Los Angeles Airport Sells Bonds to Buyers Betting on Rebound
(Bloomberg) -- Los Angeles International Airport increased the size of its bond sale Wednesday to about $900 million, showing investors’ confidence in its ability to weather the turbulence from the pandemic-related shutdowns, as well as their eagerness for yield.
At the airport’s last sale in August, some buyers balked, leaving the underwriter Goldman Sachs saddled with unsold bonds. This time, though, the new administration of President Joe Biden is pledging speedier shipments of coronavirus vaccines -- which were authorized for emergency use in December -- and investors are clamoring to own debt from issuers poised for a rebound in a post-Covid landscape.
Given its strong balance sheet before the outbreak, Los Angeles’s airport is positioned well to absorb the drops in passengers and revenue, Terry Goode, a senior portfolio manager at Wells Capital Management, said before the sale. He pointed to the airport’s projection that it will have ample resources to cover debt service even if it takes five years for fliers to return to pre-pandemic levels.
“If you’re going to be participating in the airport sector, LAX is one of your strongest credits,” said Goode, who was evaluating the new deal. “I would put LAX clearly as one of the winners.”
The airport offered two series of subordinate tax-exempt bonds and one of subordinate taxable debt. Underscoring investor demand, it increased the size of the tax-exempt portions to $807 million from $664 million and was able to lower the yield on a 5% coupon tax-exempt bond due in 2051 to 1.87% from 1.97% in preliminary guidance, according to wires viewed by Bloomberg.
Investors are anticipating more federal aid may come for municipal governments and services such as commercial airports in particular, which had already received $10 billion from a previous stimulus package. The expectation has helped drive more cash into municipal-bond mutual funds and lower yields.
Airport bonds have paid off for investors in the past, with returns beating the overall market five out of the past seven years, according to ICE Bank of America indexes. Meanwhile, issuance of municipal bonds by U.S. airports plummeted by about 50% in 2020 from the previous year, according to data compiled by Bloomberg.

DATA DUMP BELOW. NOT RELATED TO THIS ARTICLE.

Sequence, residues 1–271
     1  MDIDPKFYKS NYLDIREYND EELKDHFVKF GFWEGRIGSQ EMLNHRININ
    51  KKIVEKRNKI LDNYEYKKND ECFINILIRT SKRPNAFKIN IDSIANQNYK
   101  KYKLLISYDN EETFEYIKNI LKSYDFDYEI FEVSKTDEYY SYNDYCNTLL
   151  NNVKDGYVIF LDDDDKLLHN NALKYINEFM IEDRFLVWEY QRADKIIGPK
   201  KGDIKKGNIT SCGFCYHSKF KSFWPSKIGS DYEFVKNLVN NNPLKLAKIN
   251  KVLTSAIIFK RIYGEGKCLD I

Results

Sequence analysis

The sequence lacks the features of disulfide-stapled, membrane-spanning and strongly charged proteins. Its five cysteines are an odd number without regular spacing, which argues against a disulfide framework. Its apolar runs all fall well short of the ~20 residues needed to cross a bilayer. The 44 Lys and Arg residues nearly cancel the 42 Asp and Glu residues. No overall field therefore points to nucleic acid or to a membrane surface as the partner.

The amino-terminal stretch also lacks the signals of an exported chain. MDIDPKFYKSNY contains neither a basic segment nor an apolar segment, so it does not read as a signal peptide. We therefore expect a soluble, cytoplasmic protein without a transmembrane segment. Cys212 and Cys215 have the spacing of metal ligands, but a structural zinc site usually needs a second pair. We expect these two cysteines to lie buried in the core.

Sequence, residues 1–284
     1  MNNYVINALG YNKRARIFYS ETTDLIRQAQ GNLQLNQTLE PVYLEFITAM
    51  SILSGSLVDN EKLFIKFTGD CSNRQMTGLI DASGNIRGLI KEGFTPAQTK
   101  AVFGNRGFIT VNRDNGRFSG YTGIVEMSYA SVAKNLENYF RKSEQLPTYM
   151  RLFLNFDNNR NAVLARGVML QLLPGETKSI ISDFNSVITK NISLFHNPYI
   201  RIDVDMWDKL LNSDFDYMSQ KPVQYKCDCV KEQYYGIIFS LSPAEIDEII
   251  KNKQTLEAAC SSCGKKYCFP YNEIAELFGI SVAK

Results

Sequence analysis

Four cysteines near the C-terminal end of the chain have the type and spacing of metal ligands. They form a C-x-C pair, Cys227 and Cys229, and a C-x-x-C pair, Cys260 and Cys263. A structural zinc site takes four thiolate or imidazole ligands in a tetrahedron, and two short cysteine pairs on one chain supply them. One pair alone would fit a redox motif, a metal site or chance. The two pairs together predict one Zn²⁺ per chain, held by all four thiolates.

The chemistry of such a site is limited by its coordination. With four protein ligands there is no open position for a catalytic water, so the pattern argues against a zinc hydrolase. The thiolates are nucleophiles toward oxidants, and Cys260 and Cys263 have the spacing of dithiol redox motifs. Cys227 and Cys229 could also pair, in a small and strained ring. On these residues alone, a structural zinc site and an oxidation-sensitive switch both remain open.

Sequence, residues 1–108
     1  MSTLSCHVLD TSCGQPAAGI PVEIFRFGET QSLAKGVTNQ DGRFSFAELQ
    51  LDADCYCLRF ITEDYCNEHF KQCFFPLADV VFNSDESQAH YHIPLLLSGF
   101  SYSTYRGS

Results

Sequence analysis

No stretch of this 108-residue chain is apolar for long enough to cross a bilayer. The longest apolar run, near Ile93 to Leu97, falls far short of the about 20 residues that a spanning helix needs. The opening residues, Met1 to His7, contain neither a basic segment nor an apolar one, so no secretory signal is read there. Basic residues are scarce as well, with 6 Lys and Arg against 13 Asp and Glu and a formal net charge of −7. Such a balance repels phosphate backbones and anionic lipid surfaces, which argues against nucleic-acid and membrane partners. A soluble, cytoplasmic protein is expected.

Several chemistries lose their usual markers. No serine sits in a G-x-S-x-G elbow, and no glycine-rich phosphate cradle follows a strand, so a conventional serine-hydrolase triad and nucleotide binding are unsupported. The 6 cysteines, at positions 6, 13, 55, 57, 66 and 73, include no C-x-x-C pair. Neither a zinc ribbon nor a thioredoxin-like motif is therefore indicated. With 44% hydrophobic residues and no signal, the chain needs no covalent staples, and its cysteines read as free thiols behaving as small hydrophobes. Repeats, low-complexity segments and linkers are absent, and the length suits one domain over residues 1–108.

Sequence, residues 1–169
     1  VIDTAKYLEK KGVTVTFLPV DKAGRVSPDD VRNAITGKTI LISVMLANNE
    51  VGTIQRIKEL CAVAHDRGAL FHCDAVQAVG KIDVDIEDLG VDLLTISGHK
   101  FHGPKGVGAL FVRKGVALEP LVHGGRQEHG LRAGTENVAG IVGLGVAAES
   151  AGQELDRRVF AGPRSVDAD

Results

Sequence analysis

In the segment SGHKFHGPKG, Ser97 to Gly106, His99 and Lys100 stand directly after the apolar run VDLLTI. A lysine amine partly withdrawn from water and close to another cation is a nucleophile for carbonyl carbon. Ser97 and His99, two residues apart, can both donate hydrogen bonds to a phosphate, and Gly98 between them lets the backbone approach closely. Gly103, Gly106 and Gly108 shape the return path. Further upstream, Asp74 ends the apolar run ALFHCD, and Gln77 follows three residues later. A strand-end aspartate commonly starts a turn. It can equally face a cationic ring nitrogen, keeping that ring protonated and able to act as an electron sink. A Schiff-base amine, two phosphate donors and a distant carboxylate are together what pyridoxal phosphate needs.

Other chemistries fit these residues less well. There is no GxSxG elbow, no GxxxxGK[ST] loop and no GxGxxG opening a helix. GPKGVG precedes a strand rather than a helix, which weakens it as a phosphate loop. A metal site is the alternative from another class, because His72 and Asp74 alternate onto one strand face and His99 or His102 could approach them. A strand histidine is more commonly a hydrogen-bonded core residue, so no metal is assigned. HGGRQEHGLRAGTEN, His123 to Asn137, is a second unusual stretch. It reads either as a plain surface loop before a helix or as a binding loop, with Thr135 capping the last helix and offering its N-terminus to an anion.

“In today’s market, there’s a tremendous amount of money flowing into the market, looking for the tax shelters, looking for a higher yield environment and safety that the municipal bond industry offers,” said Ted Galgano, senior municipal strategist at UBS Global Wealth Management. “And there’s not a lot of products, not a lot of supply. Our trader was lamenting that she can’t find airport deals to buy.”
To be sure, the unprecedented decline in airline passengers isn’t for the most risk averse. Last year, global air traffic dropped 64%, according to Airports Council International. For the Los Angeles gateway -- the world’s third-busiest airport in 2019 -- passenger volumes declined by 75% in July to November last year from the same period the previous year, according to a presentation to potential investors.
Still, the airport’s size distinguishes itself from others. Unlike some hubs, Los Angeles doesn’t depend on the fortunes of one or two airlines. No carrier accounted for more than 20% of revenue-generating passengers last year, the presentation showed.
Moody’s Investors Service, which has a negative outlook on U.S. airports this year, has a stable outlook on Los Angeles’s ratings because of its diverse revenue base. Unlike other U.S. airports, which typically aren’t in the top investment grades because of the risk of travel disruptions and reliance on airlines, Los Angeles’s rating for senior securities is the company’s fourth-highest, Aa2, said Moody’s senior analyst Earl Heffintrayer.
“In fact, LA’s rating for the senior lien bond at Aa2 is the highest airport rating we have,” he said.
©2021 Bloomberg L.P.